The crash highlights the importance of nuanced conversations about risk and reward, says our senior personal finance analyst.
Myron Jobson, Senior Personal Finance Analyst, interactive investor, says: “The crypto sell-off has been driven by a culmination of long and short-term factors including worries about regulation, security breaches as well as pressures buffeting traditional markets such as geopolitical uncertainty and US interest rate hikes.
“The spat of crypto scams has also undermined confidence in the asset. Recent news of infamous ‘Cryptoqueen’ Ruja Ignatova being added to Europol's most wanted list, for convincing people she invented a cryptocurrency to rival Bitcoin before disappearing with billions of their cash, reinforces the crypto market’s Wild West reputation.
“Whatever the reason, the crash is a tough pill to swallow for those who made their very first investment in cryptos. Our research* found that 45% of young adults aged between 18 and 29 have made crypto their first investment of choice, with an alarming number funding this through a cocktail of credit cards, student loan, and other loans. The worry is many have been hit with a double whammy of investment loss and a deeper plunge into debt. The debt issue is made worse with rising interest rates.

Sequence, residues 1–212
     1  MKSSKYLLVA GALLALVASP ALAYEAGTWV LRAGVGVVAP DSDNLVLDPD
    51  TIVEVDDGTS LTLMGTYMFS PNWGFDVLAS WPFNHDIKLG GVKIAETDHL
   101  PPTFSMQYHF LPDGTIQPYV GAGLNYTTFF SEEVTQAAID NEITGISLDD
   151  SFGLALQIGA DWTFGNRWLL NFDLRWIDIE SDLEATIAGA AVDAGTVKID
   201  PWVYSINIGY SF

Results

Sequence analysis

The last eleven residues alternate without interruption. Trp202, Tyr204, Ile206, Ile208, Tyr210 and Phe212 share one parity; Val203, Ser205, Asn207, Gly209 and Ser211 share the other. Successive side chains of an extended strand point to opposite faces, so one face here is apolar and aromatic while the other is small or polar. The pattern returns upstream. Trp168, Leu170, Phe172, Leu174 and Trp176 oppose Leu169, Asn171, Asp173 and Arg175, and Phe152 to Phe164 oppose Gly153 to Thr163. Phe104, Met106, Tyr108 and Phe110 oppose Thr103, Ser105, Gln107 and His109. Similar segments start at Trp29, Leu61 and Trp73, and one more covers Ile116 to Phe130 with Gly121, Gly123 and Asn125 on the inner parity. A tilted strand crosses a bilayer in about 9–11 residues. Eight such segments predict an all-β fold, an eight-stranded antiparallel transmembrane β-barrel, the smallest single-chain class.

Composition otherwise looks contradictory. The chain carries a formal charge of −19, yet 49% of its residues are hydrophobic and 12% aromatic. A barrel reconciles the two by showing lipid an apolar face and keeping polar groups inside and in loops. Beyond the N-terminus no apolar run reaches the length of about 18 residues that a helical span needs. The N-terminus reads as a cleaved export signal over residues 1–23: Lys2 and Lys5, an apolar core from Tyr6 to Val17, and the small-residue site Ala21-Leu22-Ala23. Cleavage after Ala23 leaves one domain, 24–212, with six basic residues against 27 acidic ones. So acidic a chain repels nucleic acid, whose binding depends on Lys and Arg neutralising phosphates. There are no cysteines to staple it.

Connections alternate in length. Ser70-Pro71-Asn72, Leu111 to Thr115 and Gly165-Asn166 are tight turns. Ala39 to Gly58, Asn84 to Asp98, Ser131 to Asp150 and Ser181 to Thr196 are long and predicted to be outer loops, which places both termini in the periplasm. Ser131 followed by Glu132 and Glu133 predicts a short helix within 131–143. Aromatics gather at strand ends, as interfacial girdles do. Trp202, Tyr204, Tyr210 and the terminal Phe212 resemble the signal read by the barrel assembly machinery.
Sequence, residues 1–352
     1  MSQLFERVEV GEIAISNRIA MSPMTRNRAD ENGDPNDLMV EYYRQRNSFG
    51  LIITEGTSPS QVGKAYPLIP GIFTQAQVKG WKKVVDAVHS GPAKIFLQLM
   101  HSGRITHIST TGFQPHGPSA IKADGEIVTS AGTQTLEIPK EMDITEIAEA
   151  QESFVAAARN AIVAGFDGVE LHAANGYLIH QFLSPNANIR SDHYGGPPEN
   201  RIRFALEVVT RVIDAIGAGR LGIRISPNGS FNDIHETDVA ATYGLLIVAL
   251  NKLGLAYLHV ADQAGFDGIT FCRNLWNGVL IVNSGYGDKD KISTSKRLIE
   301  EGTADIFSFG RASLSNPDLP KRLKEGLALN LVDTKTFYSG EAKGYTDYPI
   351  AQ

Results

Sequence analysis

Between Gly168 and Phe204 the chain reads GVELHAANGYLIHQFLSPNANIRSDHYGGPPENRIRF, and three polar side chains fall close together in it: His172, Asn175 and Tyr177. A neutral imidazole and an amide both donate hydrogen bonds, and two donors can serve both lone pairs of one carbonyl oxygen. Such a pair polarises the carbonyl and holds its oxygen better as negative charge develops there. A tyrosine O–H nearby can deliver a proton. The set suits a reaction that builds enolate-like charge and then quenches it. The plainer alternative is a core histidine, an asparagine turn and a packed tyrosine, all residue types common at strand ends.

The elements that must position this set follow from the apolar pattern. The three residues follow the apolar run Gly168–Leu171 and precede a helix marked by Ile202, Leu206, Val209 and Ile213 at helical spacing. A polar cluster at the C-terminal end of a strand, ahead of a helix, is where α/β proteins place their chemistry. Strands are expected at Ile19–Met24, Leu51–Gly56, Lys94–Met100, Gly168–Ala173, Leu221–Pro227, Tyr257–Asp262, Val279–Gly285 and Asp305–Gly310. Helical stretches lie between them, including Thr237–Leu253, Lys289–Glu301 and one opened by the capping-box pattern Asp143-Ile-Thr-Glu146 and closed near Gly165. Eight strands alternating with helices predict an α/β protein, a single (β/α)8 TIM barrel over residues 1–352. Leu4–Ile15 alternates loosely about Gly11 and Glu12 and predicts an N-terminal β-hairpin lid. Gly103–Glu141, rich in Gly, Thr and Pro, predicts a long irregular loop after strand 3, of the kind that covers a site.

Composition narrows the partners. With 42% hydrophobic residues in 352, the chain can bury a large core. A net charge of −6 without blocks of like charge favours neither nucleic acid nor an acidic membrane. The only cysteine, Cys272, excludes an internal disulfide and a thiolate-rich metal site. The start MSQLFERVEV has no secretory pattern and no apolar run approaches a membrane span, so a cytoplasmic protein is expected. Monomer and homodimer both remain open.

“It is hard to say whether the crypto sell off is indicative of a long-term decline. Crypto evangelists would argue that we’ve been here before and cryptos not only recovered but skyrocketed in value to hit record highs. But the market environment now is very different - and the jury is out.
“The Bitcoin, and the broader cryptocurrency story, is far from over, but the sell off reflects the high risk and volatile nature of cryptos. While volatility is part of the growing pains of the relatively new crypto market, the tumult in price action has left investors whipsawed.
“Crypto remains a swashbuckling ride for investors which raises the stakes to levels akin to slot machines in a Las Vegas casino. Crypto enthusiasts may view every fall as a buying opportunity, but conviction is going to be tested, and for the average investor it is a timely reminder of the risk involved in investing in such a highly volatile asset.
“We need to be having much more nuanced conversations about risk and reward, exploring the impact of even increasing your contributions a little into mainstream investments, and/or, reassessing your attitude to risk.
“Cryptos remain a high-risk bet because of how much and how quickly their value can change unexpectedly. But, whatever your approach to risk, cryptos should only be a small proportion of a well-diversified portfolio.”
Notes to editors
* The poll of 1,000 UK adults, aged 18 – 29, was conducted by Opinium for interactive investor between 21 – 25 June 2021.
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